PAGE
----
First and foremost, I wanted to talk prices with David. Their product prices aren’t cheap, especially compared to your average grocery store chain. We spent a long time talking about everything that goes into running a small farm; the costs associated with raising, slaughtering/butchering, inspecting, packaging, and shipping their meats with total quality is not only difficult, but expensive. Since nearly all of their farming practices are essentially the opposite of current industry standards, it’s simply more expensive to get things done properly – every step of the way.
Some of the costs come from ensuring high quality products. Their chicken and turkeys are air-chilled, contrary to the rest of the industry, and results in more food for your buck. Their pigs are 100% pasture-raised and fed exclusively non-GMO feed, which has been increasingly difficult over the years due to nationwide corn shortages and the prevalence of GMOs. Grass-fed cows take longer to come to an appropriate size, which ends up costing the farmers more, and their beef is dry-aged for 21 days, making it more flavorful and tender. Their packaging is 2/3 thicker than typical vacuum-sealed packaging, which costs more but ensures their meats nearly always retain their seal.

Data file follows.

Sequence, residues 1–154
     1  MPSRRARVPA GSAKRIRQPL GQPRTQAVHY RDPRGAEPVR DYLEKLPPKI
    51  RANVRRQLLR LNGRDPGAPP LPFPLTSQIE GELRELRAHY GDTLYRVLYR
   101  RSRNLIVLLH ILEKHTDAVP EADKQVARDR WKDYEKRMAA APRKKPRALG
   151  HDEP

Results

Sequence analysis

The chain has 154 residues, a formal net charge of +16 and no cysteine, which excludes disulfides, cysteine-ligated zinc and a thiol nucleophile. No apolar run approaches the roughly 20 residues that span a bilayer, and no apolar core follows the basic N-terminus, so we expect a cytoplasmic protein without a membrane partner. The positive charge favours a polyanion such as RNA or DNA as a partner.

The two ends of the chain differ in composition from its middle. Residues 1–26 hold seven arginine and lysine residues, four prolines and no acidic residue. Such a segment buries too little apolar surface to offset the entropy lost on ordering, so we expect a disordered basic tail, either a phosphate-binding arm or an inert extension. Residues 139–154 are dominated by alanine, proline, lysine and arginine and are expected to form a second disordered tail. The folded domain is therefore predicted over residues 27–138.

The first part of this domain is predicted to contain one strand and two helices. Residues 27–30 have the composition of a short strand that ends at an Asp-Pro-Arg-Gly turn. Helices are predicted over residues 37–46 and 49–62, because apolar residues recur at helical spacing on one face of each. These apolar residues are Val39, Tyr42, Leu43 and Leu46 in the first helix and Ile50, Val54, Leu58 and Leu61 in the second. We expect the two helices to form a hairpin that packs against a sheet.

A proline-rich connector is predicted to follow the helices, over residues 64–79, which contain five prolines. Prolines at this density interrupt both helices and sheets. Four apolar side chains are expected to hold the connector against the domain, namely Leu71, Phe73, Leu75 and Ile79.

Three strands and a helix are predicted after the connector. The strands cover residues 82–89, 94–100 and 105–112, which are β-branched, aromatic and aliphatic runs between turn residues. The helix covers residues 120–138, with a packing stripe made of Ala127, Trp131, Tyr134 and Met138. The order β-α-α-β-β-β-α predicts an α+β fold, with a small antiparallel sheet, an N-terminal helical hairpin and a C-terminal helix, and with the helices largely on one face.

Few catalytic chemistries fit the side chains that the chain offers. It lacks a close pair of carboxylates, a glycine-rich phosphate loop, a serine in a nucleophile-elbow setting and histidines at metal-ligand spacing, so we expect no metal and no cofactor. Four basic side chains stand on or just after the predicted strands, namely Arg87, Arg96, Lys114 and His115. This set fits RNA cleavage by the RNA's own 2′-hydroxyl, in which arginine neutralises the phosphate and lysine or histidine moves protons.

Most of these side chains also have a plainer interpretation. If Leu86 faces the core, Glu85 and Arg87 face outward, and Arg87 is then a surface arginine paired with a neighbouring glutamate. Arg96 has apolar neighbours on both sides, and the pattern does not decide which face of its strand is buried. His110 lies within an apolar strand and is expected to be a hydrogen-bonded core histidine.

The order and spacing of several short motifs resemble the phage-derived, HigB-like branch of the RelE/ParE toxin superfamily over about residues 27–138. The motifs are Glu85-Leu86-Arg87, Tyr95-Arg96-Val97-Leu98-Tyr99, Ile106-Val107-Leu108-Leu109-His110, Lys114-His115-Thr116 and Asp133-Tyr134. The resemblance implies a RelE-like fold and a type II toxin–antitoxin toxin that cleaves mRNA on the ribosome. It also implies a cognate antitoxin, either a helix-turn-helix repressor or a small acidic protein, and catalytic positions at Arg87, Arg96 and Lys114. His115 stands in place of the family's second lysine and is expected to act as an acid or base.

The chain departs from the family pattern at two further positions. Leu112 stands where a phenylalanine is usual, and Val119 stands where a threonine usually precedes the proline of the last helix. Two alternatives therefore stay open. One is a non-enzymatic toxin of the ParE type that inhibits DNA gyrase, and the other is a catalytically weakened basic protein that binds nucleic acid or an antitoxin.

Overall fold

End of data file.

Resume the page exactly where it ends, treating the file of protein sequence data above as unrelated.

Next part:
One way that David helps his customers consider the costs associated with his business has been to maintain transparency. They recently decided to not offer coupon codes or sales – the price you see for their products is what they can offer while still staying a business (although prices may occasionally fluctuate based on the current business market). They also list all of their family farmers and go into depth about their business processes and supply chain on their site. David takes the transparency aspect of his business very seriously; their business line is actually his cell phone number.
David explained that when he first realized how much he needed to charge people just to stay in business, he was embarrassed by the prices. Today, he wears Tendergrass prices like a badge of pride. And they continue to gain customers, which is a sign that more people are willing to pay the costs associated with going against America’s CAFO meat industry. Truth be told, their prices are actually appropriate in terms of what every country pays for food compared to their annual income (except the US) – the real cost of food when subsidies and shortcuts don’t come into play (source).
The Maren’s 8-acre farm